UnitedHealthcare Welcomes Bryan Palmer as Chief Executive Officer, Employer & Individual Health Plans of Georgia and Alabama
Vince brings more than two decades of experience to his clients, with expertise in Human Capital, Employee Benefits, Organizational Strategy, Private Equity and M&A
Now that we are heading into 2023, executives are implementing business plans that were formulated during the latter half of 2022. For most, questions linger about the relevancy of these plans. We had plans for 2020 until the coronavirus took hold, effectively shutting down the global economy. We had plans for 2021 until the Delta variant took hold. At the same time, businesses had to compete with the Federal government’s extended unemployment benefit in order to fill the vast amount of open job positions. We had plans for 2022 until inflation hit which drove wages and interest rates skyward. To further complicate things, we have started seeing mass layoffs beginning with Amazon dumping 10,000 employees in November of 2022. Now we have stagflation, a worker shortage, lingering supply chain issues and mass layoffs. How is this muddled economic stew even possible?
Executives need to take recent history to heart knowing that under normal circumstances planning is an arduous process, but in this economy it is even more unpredictable. As you implement this year’s plan there are three factors that will be critical. These factors apply whether you believe we are sinking into a deeper recession or that there are calmer waters ahead.
1. Historic Integration – If you haven’t already done so, revisit your current plan to synthesize previously mentioned problems from the last three years and how they might affect you in 2023. As an example, if you are experiencing a shallow pool of available talent then plan on finding a previously untapped talent pool to alleviate potential future worker shortages.
2. Contingency Plans– Do you have a Plan B (and C and D) when things do not go according to plan? For example, what if the Fed raises interest rates too high which slams the brakes on the economy and slashes demand for your product? This could result in a slowdown in production after giving your employees a 6% wage increase last year. In light of all that’s happened in the last three years, create scenarios that are not part of your current plan, but could happen based on the factors that most impact your business.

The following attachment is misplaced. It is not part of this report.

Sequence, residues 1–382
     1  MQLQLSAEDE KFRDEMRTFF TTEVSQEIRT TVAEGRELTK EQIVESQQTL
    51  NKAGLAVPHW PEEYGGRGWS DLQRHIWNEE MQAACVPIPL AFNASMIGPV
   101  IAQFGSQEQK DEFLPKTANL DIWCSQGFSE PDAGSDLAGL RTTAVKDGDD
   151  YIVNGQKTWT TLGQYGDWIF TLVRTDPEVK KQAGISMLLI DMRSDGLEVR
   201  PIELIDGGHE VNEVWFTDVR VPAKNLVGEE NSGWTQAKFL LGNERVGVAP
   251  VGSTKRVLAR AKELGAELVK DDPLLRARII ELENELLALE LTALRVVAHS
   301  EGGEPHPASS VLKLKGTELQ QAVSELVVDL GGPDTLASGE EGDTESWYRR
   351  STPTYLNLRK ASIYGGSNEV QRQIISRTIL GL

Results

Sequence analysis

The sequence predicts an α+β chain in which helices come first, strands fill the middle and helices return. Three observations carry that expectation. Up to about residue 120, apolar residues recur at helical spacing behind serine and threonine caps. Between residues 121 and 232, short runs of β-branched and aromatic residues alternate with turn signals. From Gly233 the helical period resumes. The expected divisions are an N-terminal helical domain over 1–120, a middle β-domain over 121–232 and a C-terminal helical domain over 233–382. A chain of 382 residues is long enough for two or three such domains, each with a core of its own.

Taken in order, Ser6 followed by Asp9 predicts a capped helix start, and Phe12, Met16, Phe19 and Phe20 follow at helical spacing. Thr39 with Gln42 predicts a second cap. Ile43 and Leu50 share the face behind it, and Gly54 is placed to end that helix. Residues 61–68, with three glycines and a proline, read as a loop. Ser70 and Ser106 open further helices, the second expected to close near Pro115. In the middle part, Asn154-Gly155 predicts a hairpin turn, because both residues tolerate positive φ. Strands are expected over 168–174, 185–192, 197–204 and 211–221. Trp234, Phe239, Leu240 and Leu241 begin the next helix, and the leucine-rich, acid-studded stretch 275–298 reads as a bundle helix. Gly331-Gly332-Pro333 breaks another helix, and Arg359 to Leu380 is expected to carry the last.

3. Core Values – Do your plans (primary and contingencies) reflect your values? Core values should permeate business planning at every level, but they are often forgotten during times of uncertainty. For instance, if caring for employees is a core value how are you communicating potential layoffs due to demand reduction or mandatory overtime due to a worker shortage? Regardless of the unexpected problems that arise this year be sure to pivot in a manner that permeates your organization’s core values.
‘The only constant is change’ and ‘an ounce of preparation equals a pound of cure’ are two old common sense adages from previous generations. They have never been more applicable than they are right now. Integrating the major issues from the past three years into this year’s plan is key. Allowing for contingencies and making sure your core values are consistent in each scenario is paramount. These are three great ways to be prepared for all that might happen in 2023.